The IRS can read your email without a warrant, and it won’t promise not do so. The larger technology press has been atwitter today on the issue. CNET led the wave, stating that the “Internal Revenue Service doesn’t believe it needs a search warrant to read your e-mail.”

This is correct, to a certain extent. Under current law, the Internal Revenue Service (IRS) doesn’t merely think that it can read your email sans warrant, it in fact can. Perfectly legally. If you have missed the drama surrounding the Electronic Communications Privacy Act (ECPA), it’s time to strap in.

Under the ECPA, emails that are more than 180 days old, or have been opened, can be summoned and read by the US government with a simple subpoena. How hard is it to secure this legal sinecure? As TNW reported previously:

To acquire approval to read those emails, all the police must do, in the words of The Hill, is “swear an email is relevant to an investigation.” Presto, you have a subpoena.

That’s slim protection.

However, folks were outraged today to find out that the IRS, as part of the government, might use that authority to in fact read your email. The obvious gut reaction to such a digital prostate examination is the context of an audit. No one likes those.

Here’s the good news: there is work underway to reform the ECPA to require a warrant to read your email. Such a bill passed the Senate last year in the prior Congress. Work in the House could see something similar passed this year. In California, a State Senator has proposed changing the local laws to require warrants for the reading of email.

In the House, the Online Communications and Geolocation Protection Act (OCGPA) is a rising favorite among privacy advocates. As our own Ken Yeung reported recently:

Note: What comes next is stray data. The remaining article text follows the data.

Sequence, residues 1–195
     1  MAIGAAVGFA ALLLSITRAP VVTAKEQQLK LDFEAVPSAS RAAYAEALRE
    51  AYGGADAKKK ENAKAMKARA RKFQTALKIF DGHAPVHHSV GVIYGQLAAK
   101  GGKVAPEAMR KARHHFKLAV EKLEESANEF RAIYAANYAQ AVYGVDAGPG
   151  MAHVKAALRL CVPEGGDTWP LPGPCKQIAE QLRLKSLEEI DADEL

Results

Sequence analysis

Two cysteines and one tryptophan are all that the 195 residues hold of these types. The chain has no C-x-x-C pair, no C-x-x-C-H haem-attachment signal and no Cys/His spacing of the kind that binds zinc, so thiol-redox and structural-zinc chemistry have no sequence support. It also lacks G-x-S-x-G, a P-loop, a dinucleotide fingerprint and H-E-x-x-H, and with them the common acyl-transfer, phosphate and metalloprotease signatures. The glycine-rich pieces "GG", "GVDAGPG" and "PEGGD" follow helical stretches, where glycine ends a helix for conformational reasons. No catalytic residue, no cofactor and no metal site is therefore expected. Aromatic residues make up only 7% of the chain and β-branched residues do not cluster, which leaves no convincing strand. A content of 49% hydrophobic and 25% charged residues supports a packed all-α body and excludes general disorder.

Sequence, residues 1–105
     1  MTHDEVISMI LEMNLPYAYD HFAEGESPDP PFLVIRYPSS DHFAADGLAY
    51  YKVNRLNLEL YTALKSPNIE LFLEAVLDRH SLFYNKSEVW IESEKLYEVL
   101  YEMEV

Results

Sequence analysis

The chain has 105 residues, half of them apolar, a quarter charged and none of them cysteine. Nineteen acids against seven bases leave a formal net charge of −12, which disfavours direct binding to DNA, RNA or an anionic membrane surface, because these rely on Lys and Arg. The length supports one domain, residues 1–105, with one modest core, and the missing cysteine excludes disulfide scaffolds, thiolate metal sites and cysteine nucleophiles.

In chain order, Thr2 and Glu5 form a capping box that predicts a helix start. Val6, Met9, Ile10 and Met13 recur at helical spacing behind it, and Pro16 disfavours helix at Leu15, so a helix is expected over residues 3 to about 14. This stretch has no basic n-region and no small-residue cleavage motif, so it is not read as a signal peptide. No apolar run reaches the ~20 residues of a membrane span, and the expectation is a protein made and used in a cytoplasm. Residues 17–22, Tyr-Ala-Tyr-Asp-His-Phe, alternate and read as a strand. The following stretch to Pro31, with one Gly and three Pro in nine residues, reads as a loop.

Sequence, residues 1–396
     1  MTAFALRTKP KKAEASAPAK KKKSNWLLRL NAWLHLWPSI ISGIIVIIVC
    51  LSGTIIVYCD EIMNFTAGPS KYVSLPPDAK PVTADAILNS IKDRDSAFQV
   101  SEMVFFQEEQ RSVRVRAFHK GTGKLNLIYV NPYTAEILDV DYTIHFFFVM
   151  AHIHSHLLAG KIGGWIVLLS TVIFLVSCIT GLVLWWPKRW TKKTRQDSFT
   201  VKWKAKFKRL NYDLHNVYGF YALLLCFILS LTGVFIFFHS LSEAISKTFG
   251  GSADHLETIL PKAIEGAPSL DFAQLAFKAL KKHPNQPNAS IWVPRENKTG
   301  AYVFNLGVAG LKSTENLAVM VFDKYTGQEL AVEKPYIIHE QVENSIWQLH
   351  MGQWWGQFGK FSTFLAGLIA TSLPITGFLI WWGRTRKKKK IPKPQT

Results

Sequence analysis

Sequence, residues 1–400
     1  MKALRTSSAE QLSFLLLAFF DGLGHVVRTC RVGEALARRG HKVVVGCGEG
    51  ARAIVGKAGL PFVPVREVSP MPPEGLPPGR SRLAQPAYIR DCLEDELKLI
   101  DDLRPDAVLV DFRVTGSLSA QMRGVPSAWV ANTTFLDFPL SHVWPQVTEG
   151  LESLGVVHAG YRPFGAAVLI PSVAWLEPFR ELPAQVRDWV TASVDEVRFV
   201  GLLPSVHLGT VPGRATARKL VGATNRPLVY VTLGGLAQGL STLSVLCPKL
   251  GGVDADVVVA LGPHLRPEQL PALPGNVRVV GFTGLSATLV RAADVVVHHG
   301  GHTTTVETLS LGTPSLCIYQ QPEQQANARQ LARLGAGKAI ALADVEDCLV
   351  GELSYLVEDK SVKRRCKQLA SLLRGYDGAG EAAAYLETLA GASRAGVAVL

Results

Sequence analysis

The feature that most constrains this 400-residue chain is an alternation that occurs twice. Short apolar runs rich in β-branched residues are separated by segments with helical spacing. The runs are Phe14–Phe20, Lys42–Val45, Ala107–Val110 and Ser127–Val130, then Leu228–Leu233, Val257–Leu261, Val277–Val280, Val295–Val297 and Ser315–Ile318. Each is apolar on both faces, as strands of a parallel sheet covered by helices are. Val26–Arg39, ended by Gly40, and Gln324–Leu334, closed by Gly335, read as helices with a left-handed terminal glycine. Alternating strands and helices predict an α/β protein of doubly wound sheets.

If passed and signed into law, law enforcement officials would be required to obtain a warrant “based on probable cause” before they can track someone using a GPS device or cell phone location data.

The OCGPA also protects a blanket of digital communication from warrantless inspection.

There has been discussion today of a court case, United States v. Warshak, which led to a decision that a seizure of email without a warrant abrogates the Fourth Amendment. However, as it was a circuit court of appeals decision, it isn’t binding unless a higher court either takes up the case, and affirms the decision, or declines to hear it. To the best knowledge of TNW, neither has happened. Thus the Warshak decision isn’t binding. Thus, in this case, it doesn’t matter.

Until we reform the ECPA, the IRS reading your emails is but one small part of a larger problem. Call your elected representatives.

Top Image Credit: Esparta Palma